• @shetheliving: Getting pretty close to wrapping up initial proposals for API to facilitate more accurate sizes #140 and Regenerate existing images #24; next steps will be more detailed design docs and core feature proposals. Research continues on Research: Impact of additional WebP images on upload #289 and Research: WebP compatibility #290 and we’ll draft a follow-up post about our findings and next steps.
  • @adamsilverstein: For Research: Impact of additional WebP images on upload #289, working on a survey for hosting providers to gather some field data about file count and size limitations
  • @eugenemanuilov: If there’s someone who has Outlook and Windows, please test if WebP is supported for Research: WebP compatibility #290
    • @codekraft: Looks like it’s supported in the most recent version
  • @adamsilverstein: Found this summary of WebP support in OG tags; looks like sites should stick with JPEG for OG tags

Feedback requested

Object Cache

@tillkruess @spacedmonkey

GitHub project

Feedback requested

Site Health

N/A

GitHub project

  • We’re seeking 1-2 POCs for this group; if you’re interested, please comment here or pingPing The act of sending a very small amount of data to an end point. Ping is used in computer science to illicit a response from a target server to test it’s connection. Ping is also a term used by Slack users to @ someone or send them a direct message (DM). Users might say something along the lines of “Ping me when the meeting starts.” in SlackSlack Slack is a Collaborative Group Chat Platform https://slack.com/. The WordPress community has its own Slack Channel at https://make.wordpress.org/chat/.
  • @furi3r: Add Site Health test for full page caching (advanced cache) #220 is almost ready to be merged

Feedback requested

Measurement

N/A

GitHub project

  • We’re seeking 1-2 POCs for this group; if you’re interested, please comment here or ping in Slack
  • No updates

Feedback requested

JavaScriptJavaScript JavaScript or JS is an object-oriented computer programming language commonly used to create interactive effects within web browsers. WordPress makes extensive use of JS for a better user experience. While PHP is executed on the server, JS executes within a user’s browser. https://www.javascript.com/.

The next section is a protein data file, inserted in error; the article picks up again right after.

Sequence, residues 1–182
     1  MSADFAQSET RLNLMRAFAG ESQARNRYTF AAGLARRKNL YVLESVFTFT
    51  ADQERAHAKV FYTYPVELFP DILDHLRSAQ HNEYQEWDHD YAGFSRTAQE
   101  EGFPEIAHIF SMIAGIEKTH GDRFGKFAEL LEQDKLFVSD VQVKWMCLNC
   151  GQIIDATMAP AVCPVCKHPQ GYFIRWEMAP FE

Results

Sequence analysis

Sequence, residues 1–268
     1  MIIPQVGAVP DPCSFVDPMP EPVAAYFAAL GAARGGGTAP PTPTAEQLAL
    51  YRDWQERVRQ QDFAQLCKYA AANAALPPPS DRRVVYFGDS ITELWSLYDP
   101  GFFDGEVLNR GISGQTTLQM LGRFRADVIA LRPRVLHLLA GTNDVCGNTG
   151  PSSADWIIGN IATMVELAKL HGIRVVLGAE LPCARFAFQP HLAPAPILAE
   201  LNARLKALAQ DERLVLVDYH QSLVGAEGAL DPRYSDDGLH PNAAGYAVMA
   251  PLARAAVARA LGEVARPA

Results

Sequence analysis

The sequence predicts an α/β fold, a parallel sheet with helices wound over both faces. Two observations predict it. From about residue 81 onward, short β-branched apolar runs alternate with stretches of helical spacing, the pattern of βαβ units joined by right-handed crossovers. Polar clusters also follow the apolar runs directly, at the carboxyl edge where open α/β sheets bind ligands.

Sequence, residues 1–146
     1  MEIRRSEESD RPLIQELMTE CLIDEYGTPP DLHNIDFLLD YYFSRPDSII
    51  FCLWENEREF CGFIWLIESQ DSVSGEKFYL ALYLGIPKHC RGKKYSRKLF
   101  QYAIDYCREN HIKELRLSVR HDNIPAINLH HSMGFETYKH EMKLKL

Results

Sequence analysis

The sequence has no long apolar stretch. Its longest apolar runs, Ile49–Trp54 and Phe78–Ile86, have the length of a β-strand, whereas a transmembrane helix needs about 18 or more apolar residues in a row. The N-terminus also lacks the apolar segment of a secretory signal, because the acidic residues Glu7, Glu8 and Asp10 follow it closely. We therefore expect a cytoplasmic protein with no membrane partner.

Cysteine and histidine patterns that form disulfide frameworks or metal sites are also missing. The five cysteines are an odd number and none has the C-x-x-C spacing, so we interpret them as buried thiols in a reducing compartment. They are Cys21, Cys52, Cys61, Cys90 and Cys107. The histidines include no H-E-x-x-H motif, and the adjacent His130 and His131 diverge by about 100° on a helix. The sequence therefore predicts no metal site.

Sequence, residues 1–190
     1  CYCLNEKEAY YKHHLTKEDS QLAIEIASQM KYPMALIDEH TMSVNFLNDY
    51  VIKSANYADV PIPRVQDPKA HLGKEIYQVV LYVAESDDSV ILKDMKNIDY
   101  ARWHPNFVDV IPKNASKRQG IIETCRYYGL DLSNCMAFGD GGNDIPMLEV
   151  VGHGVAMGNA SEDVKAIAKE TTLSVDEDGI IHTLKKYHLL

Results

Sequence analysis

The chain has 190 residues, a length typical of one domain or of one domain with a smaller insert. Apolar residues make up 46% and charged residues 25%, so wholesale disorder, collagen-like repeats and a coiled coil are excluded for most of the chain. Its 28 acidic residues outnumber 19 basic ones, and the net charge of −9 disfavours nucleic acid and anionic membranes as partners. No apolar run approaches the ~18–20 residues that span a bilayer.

@aristath @sergiomdgomes

GitHub project

  • No updates

Feedback requested

Infrastructure

@flixos90

GitHub project

Feedback requested

Open floor

Help wanted

#core-js, #core-media, #performance, #performance-chat, #summary

Performance Chat Agenda: 10 May 2022

Here is the agenda for this week’s performance team meeting scheduled for May 10, 2022, at 15:00 UTC.


This meeting happens in the #performance channel. To join the meeting, you’ll need an account on the Making WordPress Slack.

#agenda, #meeting, #performance, #performance-chat

Performance team meeting summary 3 May 2022

Meeting agenda here and the full chat log is available beginning here on Slack.

Focus group updates

Images

@adamsilverstein @mikeschroder

GitHub project

Feedback requested

Object Cache

@tillkruess @spacedmonkey

GitHub project

Feedback requested

Site Health

N/A

GitHub project

  • We’re seeking 1-2 POCs for this group; if you’re interested, please comment here or pingPing The act of sending a very small amount of data to an end point. Ping is used in computer science to illicit a response from a target server to test it’s connection. Ping is also a term used by Slack users to @ someone or send them a direct message (DM). Users might say something along the lines of “Ping me when the meeting starts.” in SlackSlack Slack is a Collaborative Group Chat Platform https://slack.com/. The WordPress community has its own Slack Channel at https://make.wordpress.org/chat/.
  • @furi3r: PR for Site Health test for full page caching is still open; would love another review to get into the next release@flixos90 will take another look
  • @flixos90: Is there any update on the work to refine the two existing experimental Site Health modules to make them non-experimental and eventually merge to coreCore Core is the set of software required to run WordPress. The Core Development Team builds WordPress.?
    • @furi3r: We should go over them again and take another look
  • @spacedmonkey: Should we use next week’s meeting to decide what we want to get merged into 6.1
    • @flixos90: Great idea, as well as looking owners for whatever we decide on

Feedback requested

Measurement

N/A

GitHub project

  • We’re seeking 1-2 POCs for this group; if you’re interested, please comment here or ping in Slack
  • No updates

Feedback requested

JavaScriptJavaScript JavaScript or JS is an object-oriented computer programming language commonly used to create interactive effects within web browsers. WordPress makes extensive use of JS for a better user experience. While PHP is executed on the server, JS executes within a user’s browser. https://www.javascript.com/.

@aristath @sergiomdgomes

GitHub project

  • No updates

Feedback requested

Infrastructure

@flixos90

GitHub project

  • @flixos90: Decision has been made to follow WP core’s versioning approach for our pluginPlugin A plugin is a piece of software containing a group of functions that can be added to a WordPress website. They can extend functionality or add new features to your WordPress websites. WordPress plugins are written in the PHP programming language and integrate seamlessly with WordPress. These can be free in the WordPress.org Plugin Directory https://wordpress.org/plugins/ or can be cost-based plugin from a third-party based on the vote in Define plugin versioning approach #300, so next release will be 1.1.0.
  • @flixos90: The other decision we need to make is about release cadence in Define plugin release cadence #320.